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Gretchen Brooke

by ajrvoss

Date: Mon, 19 Oct 1998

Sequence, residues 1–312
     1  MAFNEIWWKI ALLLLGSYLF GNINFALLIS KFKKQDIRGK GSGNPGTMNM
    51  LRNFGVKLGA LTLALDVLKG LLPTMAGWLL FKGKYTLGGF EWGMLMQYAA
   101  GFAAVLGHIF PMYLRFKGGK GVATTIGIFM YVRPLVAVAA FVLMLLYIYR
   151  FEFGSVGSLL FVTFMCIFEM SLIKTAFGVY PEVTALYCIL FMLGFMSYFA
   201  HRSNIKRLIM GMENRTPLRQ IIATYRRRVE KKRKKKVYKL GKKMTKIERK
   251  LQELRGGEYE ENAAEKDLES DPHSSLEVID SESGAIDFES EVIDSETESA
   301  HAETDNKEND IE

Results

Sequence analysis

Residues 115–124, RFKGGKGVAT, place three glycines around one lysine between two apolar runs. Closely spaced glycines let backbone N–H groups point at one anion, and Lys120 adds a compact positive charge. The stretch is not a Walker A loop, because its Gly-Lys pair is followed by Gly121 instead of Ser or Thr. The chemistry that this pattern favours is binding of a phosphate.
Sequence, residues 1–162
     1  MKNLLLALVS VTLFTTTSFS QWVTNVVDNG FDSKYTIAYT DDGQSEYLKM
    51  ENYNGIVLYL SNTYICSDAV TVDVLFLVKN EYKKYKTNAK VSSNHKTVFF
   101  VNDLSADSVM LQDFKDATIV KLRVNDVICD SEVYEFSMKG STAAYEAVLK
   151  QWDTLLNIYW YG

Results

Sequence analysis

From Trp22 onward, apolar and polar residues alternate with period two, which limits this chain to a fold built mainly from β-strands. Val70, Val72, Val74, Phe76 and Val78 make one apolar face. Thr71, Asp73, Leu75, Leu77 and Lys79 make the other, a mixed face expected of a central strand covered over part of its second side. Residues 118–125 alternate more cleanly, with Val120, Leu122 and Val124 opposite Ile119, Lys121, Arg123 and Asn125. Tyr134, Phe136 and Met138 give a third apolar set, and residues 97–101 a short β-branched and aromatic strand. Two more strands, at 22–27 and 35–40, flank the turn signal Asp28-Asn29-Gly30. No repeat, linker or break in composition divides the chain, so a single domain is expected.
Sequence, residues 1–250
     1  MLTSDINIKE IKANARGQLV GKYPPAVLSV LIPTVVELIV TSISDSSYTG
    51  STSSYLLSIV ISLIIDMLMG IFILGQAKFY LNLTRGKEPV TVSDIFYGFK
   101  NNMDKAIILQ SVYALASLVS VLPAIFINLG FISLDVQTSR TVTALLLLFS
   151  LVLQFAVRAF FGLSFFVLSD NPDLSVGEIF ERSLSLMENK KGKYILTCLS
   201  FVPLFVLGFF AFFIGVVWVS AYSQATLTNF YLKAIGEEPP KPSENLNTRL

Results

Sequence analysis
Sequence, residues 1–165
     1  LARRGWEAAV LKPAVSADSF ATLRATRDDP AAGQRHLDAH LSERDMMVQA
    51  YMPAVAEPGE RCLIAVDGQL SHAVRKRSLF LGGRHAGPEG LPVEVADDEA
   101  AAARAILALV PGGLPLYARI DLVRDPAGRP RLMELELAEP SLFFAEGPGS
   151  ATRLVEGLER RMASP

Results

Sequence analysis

This is the story of Gretchen, who was our fourth little girl. I found out I was pregnant on June 19, 1998, and was shocked and rather dismayed, as we weren't planning on having any more children - we have 3 girls, and had our hands full raising them. We also had tried for 4 and a half years to have our third child before finally becoming pregnant with the help of fertility drugs, so I was amazed that I was pregnant without ever trying to be! I knew, though, that even if this child were not planned on, he or she was wanted and loved already. I had the normal mind numbing fatigue, and nausea, etc. which lasted the first few months of the pregnancy and then abated. I started having marathon migraines, also, which I had with my third daughter, too. My OB prescribed Midrin, which had helped with the last pregnancy, but it didn't seem to be as effective this time. School was out and our older 2 girls, Amanda and Jacqui (10 & 8 years old) were out of school for the summer, so we were spending a lot of evenings at the swimming pool, along with our 18 month old, Rachel. In July I really started to feel that everything would be okay, and a new little person in our family would be a lovely happening. My husband, Paul, really wanted a little boy - and kept telling everyone to think positive! At 18 weeks, I had an AFP test done, and it came back a little low, so I decided to have an amnio instead of worrying about the health of the baby for the entire pregnancy. I was concerned about the amnio because it is an invasive procedure, but I didn't experience even a twinge of pain from it. The best part of having the amnio done was that they also do an ultrasound at the same time, and I got to get a good look at the baby - he or she looked perfect! We were told that the results would be back in about 2 weeks, and they would give us a call. I was feeling the baby make little movements by this time, which I think is one of the nicest things about pregnancy. I noticed the baby didn't move as much or as strongly as the others had, but I assumed it was just a quieter baby. The older girls started back to school at the end of August, and I started to think of things I needed to get done before January 15 - the due date.